Internet Inclusion

Internet Inclusion

Digital India might be the biggest push towards inclusive e-governance in India. But the history of e-governance goes back to the 1970s, when the government established the Department of Electronics, followed by the National Informatics Centre. Maharashtra was the first state to have a dedicated e-governance policy

People use the internet, much as they did the telegraph since 1838, to keep in touch, be informed and be entertained. But the state’s intent for offering internet is often tied to e-governance and livelihoods. China’s experience illustrates the disconnect between top-down technology policy and bottom-up need-driven internet use, and prompts us to ask what access to the internet really means, what the internet should be used for, and who drives access and use

Conscious that the digital divide is accentuating social, economic and gender inequalities,  MCE Society at Azam Campus emphasizes free or subsidized digital learning from class 1 onwards. Roughly 80% of the students on this wifi campus with state-of-the-art computer labs come from poor Muslim families

At Zensar’s Digital Learning Centre in Yamuna Nagar, semi-literate women are encountering computers and the internet for the very first time. The initiative, in partnership with the PMC and Nasscom Foundation, aims to bring digital literacy to every household in the low-income settlement

After the success of the SARATHI e-governance initiative and helpline, the PCMC's touchscreen kiosks provide information about public services and allow citizens to register their grievances. This service is designed to reach out to those who do not have their own internet or phone connection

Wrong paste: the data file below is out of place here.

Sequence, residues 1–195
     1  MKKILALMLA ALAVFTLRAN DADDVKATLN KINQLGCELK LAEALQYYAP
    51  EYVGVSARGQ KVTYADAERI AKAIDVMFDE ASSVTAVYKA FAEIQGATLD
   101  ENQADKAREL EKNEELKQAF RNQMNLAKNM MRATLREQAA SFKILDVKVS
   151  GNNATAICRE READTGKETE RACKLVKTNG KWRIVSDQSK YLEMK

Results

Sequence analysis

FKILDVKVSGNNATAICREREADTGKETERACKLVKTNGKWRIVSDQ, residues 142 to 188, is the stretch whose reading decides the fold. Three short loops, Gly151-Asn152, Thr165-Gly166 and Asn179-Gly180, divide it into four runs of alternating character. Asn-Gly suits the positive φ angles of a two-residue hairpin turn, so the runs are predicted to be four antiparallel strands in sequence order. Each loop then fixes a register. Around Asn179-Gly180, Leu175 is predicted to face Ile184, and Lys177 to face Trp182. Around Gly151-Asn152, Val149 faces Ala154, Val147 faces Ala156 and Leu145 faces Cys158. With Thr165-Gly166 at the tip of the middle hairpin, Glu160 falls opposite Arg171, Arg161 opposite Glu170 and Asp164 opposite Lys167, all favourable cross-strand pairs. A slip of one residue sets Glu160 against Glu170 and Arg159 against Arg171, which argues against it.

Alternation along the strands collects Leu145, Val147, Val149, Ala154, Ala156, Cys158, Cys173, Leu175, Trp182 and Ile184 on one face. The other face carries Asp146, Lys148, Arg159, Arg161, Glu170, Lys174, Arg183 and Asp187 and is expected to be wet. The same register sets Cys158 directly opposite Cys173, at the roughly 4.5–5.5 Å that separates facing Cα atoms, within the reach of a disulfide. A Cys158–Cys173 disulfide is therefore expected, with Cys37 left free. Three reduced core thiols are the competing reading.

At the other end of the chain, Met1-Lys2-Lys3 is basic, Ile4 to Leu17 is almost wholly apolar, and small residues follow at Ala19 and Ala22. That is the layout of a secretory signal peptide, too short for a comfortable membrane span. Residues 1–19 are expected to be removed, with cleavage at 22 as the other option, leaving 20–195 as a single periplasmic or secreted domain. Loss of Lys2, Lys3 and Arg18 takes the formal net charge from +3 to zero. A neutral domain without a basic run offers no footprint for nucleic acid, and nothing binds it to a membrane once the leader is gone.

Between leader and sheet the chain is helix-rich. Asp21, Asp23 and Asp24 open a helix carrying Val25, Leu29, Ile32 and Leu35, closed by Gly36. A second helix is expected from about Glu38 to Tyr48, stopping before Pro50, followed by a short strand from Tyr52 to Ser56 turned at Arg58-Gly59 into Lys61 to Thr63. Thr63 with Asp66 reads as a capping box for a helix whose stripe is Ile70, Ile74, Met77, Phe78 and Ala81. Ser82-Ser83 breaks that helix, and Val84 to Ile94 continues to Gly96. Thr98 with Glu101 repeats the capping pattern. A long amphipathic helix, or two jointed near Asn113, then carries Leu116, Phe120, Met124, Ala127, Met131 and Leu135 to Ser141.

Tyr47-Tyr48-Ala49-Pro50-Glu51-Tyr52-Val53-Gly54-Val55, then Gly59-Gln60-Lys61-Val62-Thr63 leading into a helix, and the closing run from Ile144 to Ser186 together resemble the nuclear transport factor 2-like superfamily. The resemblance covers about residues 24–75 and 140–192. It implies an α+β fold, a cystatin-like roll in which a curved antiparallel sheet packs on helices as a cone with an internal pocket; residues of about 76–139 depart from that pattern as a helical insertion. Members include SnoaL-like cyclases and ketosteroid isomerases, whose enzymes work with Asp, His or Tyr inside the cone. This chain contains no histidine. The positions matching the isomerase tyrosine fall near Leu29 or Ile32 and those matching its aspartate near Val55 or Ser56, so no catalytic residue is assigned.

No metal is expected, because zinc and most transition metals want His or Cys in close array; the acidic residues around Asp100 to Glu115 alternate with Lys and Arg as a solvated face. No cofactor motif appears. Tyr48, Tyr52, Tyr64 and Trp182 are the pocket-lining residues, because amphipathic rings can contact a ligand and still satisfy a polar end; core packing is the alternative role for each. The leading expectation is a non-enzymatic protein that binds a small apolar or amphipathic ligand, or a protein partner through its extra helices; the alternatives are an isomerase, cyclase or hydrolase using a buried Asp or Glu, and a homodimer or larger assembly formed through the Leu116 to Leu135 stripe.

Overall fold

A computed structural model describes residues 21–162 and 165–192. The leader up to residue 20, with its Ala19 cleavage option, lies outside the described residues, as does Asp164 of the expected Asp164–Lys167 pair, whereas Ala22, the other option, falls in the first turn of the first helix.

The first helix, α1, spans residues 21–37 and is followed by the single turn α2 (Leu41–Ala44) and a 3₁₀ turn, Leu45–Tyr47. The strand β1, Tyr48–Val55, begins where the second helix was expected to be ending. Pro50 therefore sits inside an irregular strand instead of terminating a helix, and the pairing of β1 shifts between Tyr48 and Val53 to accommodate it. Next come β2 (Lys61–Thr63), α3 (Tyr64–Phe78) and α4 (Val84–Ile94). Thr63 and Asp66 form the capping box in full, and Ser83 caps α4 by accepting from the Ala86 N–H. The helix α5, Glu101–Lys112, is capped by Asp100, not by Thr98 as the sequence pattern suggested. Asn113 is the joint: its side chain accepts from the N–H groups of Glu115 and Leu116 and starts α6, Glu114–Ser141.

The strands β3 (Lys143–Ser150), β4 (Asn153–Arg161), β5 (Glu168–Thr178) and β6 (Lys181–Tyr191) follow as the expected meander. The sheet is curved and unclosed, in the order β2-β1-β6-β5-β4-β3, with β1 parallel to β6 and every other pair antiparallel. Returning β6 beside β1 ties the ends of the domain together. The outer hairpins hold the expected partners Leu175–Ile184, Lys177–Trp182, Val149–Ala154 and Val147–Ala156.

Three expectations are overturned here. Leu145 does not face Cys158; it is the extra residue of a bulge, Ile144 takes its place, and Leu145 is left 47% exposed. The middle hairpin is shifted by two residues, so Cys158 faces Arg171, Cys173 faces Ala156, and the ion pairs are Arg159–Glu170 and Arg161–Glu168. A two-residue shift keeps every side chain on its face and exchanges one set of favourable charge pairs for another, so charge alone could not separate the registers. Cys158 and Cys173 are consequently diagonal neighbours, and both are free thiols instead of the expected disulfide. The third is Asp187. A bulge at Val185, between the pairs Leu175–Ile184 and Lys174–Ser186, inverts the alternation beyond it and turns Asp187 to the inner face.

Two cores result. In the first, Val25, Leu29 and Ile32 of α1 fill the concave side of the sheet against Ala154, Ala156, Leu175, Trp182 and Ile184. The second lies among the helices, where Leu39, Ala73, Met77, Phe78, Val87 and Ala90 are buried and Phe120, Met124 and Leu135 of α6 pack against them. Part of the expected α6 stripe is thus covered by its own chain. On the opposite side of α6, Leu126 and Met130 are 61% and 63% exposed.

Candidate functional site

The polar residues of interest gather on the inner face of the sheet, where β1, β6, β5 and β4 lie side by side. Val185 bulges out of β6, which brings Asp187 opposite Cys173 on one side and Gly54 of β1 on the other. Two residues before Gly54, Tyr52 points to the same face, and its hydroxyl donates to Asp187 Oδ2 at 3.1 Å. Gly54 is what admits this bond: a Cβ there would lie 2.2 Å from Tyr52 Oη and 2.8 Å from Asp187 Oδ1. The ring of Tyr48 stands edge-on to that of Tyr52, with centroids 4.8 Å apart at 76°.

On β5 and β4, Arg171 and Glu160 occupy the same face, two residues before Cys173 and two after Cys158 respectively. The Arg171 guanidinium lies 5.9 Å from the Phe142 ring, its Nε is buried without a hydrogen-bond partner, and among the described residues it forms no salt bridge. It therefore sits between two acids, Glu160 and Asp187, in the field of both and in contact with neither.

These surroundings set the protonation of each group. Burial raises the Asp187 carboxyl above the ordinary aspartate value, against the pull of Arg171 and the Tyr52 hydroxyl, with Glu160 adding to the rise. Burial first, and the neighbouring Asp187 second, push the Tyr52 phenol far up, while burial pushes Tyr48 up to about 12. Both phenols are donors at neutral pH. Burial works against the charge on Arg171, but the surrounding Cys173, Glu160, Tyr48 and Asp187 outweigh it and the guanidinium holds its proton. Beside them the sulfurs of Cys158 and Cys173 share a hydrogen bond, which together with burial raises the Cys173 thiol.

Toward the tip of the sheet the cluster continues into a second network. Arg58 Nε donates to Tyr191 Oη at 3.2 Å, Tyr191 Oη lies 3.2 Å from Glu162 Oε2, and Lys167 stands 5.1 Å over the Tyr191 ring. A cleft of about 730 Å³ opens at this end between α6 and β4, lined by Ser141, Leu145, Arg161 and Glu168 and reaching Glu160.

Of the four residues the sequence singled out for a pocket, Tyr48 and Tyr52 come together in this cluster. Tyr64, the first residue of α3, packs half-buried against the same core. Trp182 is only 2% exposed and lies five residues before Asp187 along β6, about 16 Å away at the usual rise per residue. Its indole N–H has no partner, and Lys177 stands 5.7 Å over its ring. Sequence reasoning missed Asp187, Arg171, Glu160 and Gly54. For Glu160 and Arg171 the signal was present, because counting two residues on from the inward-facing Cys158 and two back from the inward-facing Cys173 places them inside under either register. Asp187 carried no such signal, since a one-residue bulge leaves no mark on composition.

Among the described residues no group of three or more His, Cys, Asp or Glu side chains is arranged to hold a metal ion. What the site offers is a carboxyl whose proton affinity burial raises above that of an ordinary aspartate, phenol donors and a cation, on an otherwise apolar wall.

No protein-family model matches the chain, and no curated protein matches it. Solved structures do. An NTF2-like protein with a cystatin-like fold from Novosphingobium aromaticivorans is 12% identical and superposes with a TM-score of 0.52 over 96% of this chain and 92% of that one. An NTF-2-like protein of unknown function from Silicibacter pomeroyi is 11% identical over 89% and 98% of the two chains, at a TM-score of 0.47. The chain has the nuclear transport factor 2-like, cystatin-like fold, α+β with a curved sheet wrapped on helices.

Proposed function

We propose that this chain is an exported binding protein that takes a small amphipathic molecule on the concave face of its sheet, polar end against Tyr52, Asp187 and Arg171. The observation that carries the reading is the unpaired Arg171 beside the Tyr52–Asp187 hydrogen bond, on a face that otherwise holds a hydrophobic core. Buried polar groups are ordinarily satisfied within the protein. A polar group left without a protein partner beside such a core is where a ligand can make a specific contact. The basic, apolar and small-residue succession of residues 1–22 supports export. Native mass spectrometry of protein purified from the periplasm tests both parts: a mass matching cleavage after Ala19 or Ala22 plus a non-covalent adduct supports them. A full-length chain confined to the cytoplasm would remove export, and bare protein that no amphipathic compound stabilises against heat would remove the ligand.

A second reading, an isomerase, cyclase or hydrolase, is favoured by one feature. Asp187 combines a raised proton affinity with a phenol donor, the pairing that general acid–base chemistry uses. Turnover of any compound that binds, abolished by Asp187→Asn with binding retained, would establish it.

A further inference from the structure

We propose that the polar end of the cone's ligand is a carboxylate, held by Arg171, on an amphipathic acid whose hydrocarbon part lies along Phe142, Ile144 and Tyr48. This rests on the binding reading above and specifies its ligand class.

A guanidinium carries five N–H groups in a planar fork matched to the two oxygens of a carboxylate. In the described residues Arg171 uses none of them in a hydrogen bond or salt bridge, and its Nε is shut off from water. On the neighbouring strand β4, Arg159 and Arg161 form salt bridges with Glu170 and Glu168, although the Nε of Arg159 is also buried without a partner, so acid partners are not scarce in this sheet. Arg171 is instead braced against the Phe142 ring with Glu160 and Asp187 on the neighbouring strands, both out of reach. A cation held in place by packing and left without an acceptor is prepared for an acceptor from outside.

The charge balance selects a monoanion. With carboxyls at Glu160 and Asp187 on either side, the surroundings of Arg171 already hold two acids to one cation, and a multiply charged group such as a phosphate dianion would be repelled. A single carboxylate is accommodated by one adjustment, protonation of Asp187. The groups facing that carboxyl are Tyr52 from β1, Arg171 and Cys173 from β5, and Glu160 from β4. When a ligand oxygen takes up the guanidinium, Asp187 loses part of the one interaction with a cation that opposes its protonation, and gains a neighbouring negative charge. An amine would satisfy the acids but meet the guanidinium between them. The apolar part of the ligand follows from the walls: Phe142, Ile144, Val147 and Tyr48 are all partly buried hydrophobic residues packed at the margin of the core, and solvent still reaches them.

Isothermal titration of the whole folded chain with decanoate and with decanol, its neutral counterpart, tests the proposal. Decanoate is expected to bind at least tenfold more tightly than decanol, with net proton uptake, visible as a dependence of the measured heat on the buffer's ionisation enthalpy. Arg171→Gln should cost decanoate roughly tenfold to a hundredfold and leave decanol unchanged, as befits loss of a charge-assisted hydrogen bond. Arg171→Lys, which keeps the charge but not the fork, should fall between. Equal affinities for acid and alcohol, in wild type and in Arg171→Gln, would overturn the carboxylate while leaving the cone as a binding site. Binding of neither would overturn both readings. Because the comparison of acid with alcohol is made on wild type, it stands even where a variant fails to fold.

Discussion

In June, some offensive images posted on Facebook and Whatsapp caused communal tension, violence and one death in Pune. The Social Peace Force believes in using digital means to tackle digital violence

Suneeta Kulkarni of Sugata Mitra's School in the Cloud initiative discusses how free and open internet access helps underprivileged children take control of their own learning

A recent newspaper article announcing the setting up of the world’s longest free wi-fi zone (20 km long) in Patna, capital of the state of Bihar (one of the most economically backward states of India, and not one known for its prowess in technology) took everyone by surprise. If the initiative has indeed moved from plan to actual implementation and operation, this would be an amazing development as, besides the wi-fi, the Bihar chief minister has unveiled another scheme: the setting up of a network of citywide CCTV cameras. The two initiatives, when combined, would constitute a powerful all-round public surveillance mechanism that can be used by law enforcement agencies like the police to help check crime.

Neeta Hemant Nikam, a resident of Dattawadi in Akurdi area, called the Pimpri-Chinchwad Municipal Corporation’s new helpline on December 21, 2013, to report a missing drain cover and overflowing sewage on the street near Adarsh Mitra Mandal in her locality. She feared the open drains might prove a deathtrap for unsuspecting passersby and drivers on the street, especially in the dark.

Understanding and evaluating kinship is the basis of social anthropology; and filial relationships are central to the study of kinship. Studying and analysing the complex communicative interactions in filial relationships in everyday life is a fertile area for anthropologists who study these interactions through an extensive immersive in-depth process called ethnography. New media enters this arena of kinship, catalysing and transforming communication processes, patterns and channels. This essay looks at this changing landscape of interpersonal communication among filial kinship, offering a rich tableau of social change and continuity.

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